by Brian Pennington
Much like the other dedicated fans of fantasy and cinema, I played hooky to catch Peter Jackson’s “The Hobbit: An Unexpected Journey” on its opening day. Columbia Mall’s AMC 14 was the only theater in Maryland showing the epic prelude in the innovative 48fps (frames per second), so it was there I headed amidst the hustle and bustle of the approaching Christmas deadline. Consequently, it was also an “IMAX” screening (IMAX being in quotations due to the screen falling far short of IMAX’s once standard screen size of 72 ft x 52.8 ft) and in 3D. So, for better or worse, I was in for the Peter Jackson approved and preferred method of viewing his latest film: big, smooth, and in 3D.
The opening credits rolled, along with a re-mastered 48fps version of the MGM lion roaring; an apéritif, if you will, of the kind of motion we were to expect in the following 3 hours. I won’t lie; my initial knee-jerk to the opening scenes was to lean over to my wife and whisper, “This can’t be calibrated correctly. It’s playing too fast!”. Like a timeline in an editor played back at 2x the normal speed, characters seemed to be humorously racing through their actions. I’m certain my reaction was largely due to the type of shots the film opened with, and in essence introduced me to 48fps: extreme close ups of characters’ hands interacting with items.
In film school, one of the first things you learn is when an actor is interacting with an item that the camera is closely framed on, you must tell the actor to move at 50% speed or the result will appear “too fast” on film and the audience will miss what happened. When Bilbo Baggins reaches for and removes the quill from the ink well and begins to write in the opening moments of “The Hobbit”, it all appears inhumanly fast. I thought to myself, “I couldn’t do that same action at that same speed in real life without overturning the inkwell and spilling ink all over my page.” And therein was my biggest issue with the 48fps format. Regardless if 48fps is in fact mathematically closer in speed to a human’s movement, if people on screen appear to possess super human dexterity, the connection to reality is severed.
A colleague of mine put it quite perfectly as such, and I paraphrase: What Peter Jackson essentially did was design a film for 24fps and film it in 48fps. He directed actors the same way he would have in 24fps. Sets were built and costumes designed like they would have been for a 24fps film. The DP Andrew Lesnie designed shots and camera moves like he would for a 24fps film. Everyone did what they do best, like they had always done it. And then 48fps was sort of decided on in the name of a few perks relating to 3D and the theory of cinema. Perhaps filmmaking needs to be approached fundamentally differently if one desires to film in 48fps, much like you would never approach making a 3D film like you would a 2D one. What are those changes to be made? Perhaps if this frame rate trend continues, each department can slowly learn the tools and tricks for this new format and once again refine the craft. I especially think James Cameron must proceed cautiously if he intends to make good on his promise to film Avatar 2 in 60fps.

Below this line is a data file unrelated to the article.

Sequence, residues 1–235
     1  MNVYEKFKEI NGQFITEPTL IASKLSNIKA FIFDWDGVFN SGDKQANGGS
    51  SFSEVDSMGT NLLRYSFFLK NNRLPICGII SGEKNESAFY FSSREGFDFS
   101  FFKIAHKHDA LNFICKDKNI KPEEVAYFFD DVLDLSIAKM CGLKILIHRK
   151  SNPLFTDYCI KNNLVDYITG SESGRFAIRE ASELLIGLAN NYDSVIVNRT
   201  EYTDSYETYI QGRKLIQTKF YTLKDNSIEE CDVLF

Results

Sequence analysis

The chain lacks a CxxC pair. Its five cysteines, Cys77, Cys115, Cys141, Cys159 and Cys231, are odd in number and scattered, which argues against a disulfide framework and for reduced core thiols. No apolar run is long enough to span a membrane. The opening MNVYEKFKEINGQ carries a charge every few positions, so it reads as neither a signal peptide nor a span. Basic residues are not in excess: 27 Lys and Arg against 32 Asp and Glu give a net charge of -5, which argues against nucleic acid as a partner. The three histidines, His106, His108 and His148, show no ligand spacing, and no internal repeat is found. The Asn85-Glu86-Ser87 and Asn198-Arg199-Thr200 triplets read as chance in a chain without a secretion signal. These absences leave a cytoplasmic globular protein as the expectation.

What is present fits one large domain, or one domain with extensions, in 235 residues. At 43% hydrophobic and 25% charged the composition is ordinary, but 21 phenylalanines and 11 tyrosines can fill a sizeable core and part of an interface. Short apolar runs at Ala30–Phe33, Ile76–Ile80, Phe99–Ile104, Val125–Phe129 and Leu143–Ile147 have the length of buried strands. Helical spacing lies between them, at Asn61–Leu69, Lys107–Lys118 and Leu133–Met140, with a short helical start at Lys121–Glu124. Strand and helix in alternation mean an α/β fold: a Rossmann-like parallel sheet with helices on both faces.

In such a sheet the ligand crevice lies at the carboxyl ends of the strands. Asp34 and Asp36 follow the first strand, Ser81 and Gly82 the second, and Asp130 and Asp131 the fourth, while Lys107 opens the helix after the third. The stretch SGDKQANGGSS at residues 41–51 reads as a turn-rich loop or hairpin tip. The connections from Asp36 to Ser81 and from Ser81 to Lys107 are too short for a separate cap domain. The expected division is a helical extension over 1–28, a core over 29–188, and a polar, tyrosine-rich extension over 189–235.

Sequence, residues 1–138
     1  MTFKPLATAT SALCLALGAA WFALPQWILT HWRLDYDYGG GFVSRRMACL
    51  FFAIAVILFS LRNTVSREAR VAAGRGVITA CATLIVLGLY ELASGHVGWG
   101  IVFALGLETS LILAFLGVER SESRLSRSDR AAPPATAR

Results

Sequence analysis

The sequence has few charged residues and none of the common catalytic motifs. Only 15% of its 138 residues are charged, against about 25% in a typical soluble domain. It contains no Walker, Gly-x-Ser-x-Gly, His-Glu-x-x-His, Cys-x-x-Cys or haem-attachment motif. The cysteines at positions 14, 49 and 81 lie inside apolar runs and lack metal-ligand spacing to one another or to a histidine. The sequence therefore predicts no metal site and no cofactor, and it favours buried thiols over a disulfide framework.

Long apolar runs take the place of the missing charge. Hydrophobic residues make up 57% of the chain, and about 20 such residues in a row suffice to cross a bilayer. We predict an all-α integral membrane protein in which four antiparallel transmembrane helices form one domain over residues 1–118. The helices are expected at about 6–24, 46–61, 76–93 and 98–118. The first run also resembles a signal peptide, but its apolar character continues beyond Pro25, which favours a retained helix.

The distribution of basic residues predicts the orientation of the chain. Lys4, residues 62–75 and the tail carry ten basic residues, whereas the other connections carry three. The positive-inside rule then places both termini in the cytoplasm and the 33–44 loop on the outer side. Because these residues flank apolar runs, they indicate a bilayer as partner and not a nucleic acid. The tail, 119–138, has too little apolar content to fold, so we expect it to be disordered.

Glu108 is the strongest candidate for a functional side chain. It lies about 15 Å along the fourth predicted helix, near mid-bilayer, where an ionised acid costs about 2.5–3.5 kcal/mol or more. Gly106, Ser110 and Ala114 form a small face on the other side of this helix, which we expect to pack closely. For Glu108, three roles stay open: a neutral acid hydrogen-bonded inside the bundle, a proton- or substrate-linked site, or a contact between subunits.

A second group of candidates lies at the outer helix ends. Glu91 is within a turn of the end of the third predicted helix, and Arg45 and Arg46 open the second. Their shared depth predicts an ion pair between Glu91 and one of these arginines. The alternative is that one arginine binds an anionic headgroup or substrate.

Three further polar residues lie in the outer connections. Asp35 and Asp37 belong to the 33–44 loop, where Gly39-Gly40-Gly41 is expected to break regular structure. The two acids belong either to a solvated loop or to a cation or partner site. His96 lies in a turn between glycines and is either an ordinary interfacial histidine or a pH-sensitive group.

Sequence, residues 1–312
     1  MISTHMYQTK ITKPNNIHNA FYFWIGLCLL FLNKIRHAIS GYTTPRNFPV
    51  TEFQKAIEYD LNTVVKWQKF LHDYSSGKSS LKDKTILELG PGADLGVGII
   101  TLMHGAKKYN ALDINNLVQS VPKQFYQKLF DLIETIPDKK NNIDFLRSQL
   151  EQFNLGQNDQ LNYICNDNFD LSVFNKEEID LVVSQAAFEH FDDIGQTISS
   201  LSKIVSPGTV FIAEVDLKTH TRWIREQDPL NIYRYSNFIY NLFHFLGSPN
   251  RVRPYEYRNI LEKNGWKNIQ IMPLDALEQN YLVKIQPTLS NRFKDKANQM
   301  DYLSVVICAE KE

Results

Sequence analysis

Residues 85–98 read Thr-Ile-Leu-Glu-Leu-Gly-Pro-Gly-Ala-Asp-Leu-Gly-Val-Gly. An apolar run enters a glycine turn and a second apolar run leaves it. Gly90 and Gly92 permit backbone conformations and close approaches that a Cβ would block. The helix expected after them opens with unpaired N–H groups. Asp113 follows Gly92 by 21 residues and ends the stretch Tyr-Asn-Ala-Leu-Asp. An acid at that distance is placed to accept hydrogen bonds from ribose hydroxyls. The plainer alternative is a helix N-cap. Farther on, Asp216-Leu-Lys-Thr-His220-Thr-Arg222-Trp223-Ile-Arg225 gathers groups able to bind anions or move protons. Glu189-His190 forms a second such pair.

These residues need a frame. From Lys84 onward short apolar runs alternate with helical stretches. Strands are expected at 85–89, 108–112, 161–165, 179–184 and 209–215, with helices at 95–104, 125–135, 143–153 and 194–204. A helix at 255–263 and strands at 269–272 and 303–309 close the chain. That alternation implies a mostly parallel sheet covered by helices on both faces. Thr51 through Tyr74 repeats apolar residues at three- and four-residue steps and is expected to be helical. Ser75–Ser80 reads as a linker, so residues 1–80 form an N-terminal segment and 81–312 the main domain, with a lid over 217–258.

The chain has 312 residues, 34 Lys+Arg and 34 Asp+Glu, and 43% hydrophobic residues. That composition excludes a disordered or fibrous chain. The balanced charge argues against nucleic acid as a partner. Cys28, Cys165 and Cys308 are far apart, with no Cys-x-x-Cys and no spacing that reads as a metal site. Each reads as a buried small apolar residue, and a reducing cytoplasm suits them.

I’ll end with a final thought, and my biggest issue with 48fps. The battle cry heard across the filmmaking world was 48fps greatly reduces the motion blur that occurs in 24fps when either the camera pans quickly or an actor or object quickly crosses the frame, and as such greatly reduces the strain on the viewer’s eye when the film is viewed in 3D. Well, if removing blur was the goal, the mission was a success. I’ve never seen a sharper and more flawless image in all my life of going to the movies. But is sharpness really a desirable effect in storytelling? It may come down to preference, but allow me to make my case here. Anyone who has been hit in a sports game by a fast moving ball or has looked out the window of a car knows that our eyes view fast motion as a blur. Motion blur is how our brain tells us “Wow. That was going fast.” In “The Hobbit”, there is a scene where rock giants are throwing large boulders against the mountain walls. Rubble shatters and flies every which way at tremendous speeds. Every piece is crystal clear, even as it rockets through the scene. However, because your brain can easily see everything coming in sharp focus, it almost seems to negate the motion as “fast”. A quick, dark blur across the scene, followed by a loud crack and a rain of tiny rocks shattering across the frame would have been much more exciting and scary than a projectile you register several seconds before it collides near the characters. Humans are not used to perceiving the amount of information and clarity 48fps provides, and I’m not even referring to cinema alone but to all of life and human experience.
It’s easy to be a naysayer in the early days of any new advance to cinema (I think of talkies in the 20’s), and I in no way plan on stubbornly planting my heels against this new medium. These complaints I raise to challenge and educate the community of filmmakers and to get an honest discussion going. Technology for technology’s sake has never worked. We gain nothing by automatically giving 48fps a pass/fail. We need to be objective and put it through rigorous tests. I firmly believe any technological advance will easily succeed if it helps magnify and support the most important aspect of filmmaking: the story.